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Adventures in the Anthropocene

A Journey to the Heart of the Planet We Made

By Gaia Vince
18-minute read
Audio available
Adventures in the Anthropocene by Gaia Vince

Adventures in the Anthropocene (2014) explores how humanity has altered the planet so radically in recent decades that a new geological epoch is said to be coming into being – we’re crossing over from the Holocene to the Anthropocene, or the Age of Man. Author Gaia Vince examines what the changes we’ve made really mean for the world. From disappearing islands to urban slums, from Mekong fishermen to ancient nomadic tribes in Kenya, these blinks tell the story of our new relationship with nature and our hopes for the future.

  • Anyone who’d like to understand the human impact on the world
  • Global citizens who want to learn about the effects of climate change
  • Everyone who wonders about the future of human life on Earth

Gaia Vince is a science writer, journalist, and broadcaster specializing in the environment. She is a former editor of Nature, one of the most renowned scientific journals in the world. Her work has appeared in newspapers and magazines including the Guardian, the Times, Scientific American, and New Scientist. She also writes about science for radio and television, including the BBC.

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Adventures in the Anthropocene

A Journey to the Heart of the Planet We Made

By Gaia Vince
  • Read in 18 minutes
  • Audio & text available
  • Contains 11 key ideas
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Adventures in the Anthropocene by Gaia Vince
Synopsis

Adventures in the Anthropocene (2014) explores how humanity has altered the planet so radically in recent decades that a new geological epoch is said to be coming into being – we’re crossing over from the Holocene to the Anthropocene, or the Age of Man. Author Gaia Vince examines what the changes we’ve made really mean for the world. From disappearing islands to urban slums, from Mekong fishermen to ancient nomadic tribes in Kenya, these blinks tell the story of our new relationship with nature and our hopes for the future.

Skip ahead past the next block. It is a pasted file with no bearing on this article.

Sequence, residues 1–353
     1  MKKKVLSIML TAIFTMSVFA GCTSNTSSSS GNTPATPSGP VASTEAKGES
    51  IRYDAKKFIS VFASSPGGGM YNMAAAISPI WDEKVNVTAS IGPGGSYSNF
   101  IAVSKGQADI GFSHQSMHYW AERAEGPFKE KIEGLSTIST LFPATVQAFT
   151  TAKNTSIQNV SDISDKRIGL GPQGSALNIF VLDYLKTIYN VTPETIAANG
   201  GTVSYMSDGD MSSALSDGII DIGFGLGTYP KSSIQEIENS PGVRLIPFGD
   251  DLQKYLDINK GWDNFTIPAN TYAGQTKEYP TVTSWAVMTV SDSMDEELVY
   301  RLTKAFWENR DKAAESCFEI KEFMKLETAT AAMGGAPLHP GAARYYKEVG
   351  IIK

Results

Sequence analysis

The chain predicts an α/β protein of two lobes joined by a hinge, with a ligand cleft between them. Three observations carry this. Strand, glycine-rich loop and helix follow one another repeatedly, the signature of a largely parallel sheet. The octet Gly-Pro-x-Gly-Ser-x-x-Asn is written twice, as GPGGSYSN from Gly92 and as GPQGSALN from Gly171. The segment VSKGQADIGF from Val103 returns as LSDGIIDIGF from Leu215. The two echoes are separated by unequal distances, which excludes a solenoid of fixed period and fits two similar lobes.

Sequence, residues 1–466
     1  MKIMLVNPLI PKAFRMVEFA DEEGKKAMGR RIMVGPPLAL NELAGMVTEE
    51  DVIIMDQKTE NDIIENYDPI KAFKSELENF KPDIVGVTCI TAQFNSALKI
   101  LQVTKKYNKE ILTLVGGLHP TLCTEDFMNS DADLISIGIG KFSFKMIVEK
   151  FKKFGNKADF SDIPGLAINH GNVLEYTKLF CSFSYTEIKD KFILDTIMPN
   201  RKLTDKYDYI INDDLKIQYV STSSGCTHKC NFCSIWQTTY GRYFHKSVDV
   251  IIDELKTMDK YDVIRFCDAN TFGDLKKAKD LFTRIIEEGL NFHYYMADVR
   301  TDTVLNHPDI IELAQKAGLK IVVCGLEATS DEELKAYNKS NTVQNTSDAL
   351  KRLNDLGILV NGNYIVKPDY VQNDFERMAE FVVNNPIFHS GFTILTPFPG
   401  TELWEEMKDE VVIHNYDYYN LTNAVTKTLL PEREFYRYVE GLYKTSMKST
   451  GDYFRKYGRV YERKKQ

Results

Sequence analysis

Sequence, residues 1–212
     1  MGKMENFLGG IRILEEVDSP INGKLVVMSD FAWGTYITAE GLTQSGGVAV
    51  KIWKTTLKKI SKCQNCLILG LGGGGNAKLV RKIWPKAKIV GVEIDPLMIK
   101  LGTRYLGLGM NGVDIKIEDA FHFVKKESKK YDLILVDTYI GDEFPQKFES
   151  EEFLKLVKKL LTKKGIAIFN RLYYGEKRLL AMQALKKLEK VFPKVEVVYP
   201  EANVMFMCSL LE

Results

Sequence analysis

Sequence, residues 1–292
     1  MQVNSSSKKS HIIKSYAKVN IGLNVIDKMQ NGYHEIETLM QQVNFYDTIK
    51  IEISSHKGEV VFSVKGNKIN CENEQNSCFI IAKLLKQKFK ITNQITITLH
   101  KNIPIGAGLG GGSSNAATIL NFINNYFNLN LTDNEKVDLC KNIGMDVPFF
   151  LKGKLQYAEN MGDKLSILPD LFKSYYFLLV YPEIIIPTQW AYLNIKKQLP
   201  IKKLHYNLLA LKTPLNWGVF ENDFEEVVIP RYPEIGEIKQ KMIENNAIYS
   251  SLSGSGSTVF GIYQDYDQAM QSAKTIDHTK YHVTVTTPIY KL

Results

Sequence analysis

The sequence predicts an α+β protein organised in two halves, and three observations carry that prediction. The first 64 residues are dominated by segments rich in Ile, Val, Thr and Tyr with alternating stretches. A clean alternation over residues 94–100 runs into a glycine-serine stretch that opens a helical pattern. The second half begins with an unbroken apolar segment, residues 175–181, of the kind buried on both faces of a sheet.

Key idea 1 of 11

Humans are changing the atmosphere beyond recognition.

Ever laid under a tree on a warm summer’s day and watched the clouds drifting by? Or marveled at the stars at night? The skies above us and the air we breathe are as familiar to us as they were to our ancestors thousands of years ago.

But what we’re doing to the atmosphere these days is completely new.

The key message here is: Humans are changing the atmosphere beyond recognition.

As you may have guessed, we’re talking about pollution. It’s not that our releasing noxious substances into the air is anything unusual. Just think of the infamous London smog. However, the extent of the damage has changed dramatically.

Humans are no longer just a tiny puff of smoke on the vast surface of the earth. Today, we’re altering the atmosphere on a global scale.

This is partly because there are so many more of us now; the world’s population is already more than seven billion. But that’s not the only reason. The days of the “dark Satanic mills” of the Industrial Revolution may be long gone. Stricter pollution controls have cleared up the visible soot and sulfurous gasses that used to dirty the skies. What they haven’t got rid of is the source of the problem itself – coal power. Pollution from coal power stations in Europe alone still kills more than 22,000 people a year.

And the developing world is also contributing more pollution than ever. In China, there’s so much dirty industry that only a tiny 1 percent of the population is breathing air that European Union standards count as clean.

What’s more, people are adding their own homemade pollution to the industrial emissions.

In Nepal, for example, the largest polluter is the wood and dung cooking fires used all over the country. They arguably make for the tastiest chapatis, the popular local flatbread. But what they also do is infuse the air with a distinctive acrid brown haze.

The effects of the haze are many, from rising temperatures to frequent droughts, which result in failed harvests. And the health effects are as alarming as the environmental ones. In India alone, estimates say that, annually, almost two million people die from conditions related to the haze – more people than are killed by malaria worldwide.

The good news is that the effects need not be permanent. If all the emissions were to stop at once, it wouldn’t take many years for the atmosphere to recover.

But we all know that’s not about to happen. So the challenge for humanity is going to be to learn to live in this new atmosphere and the new climate it brings.

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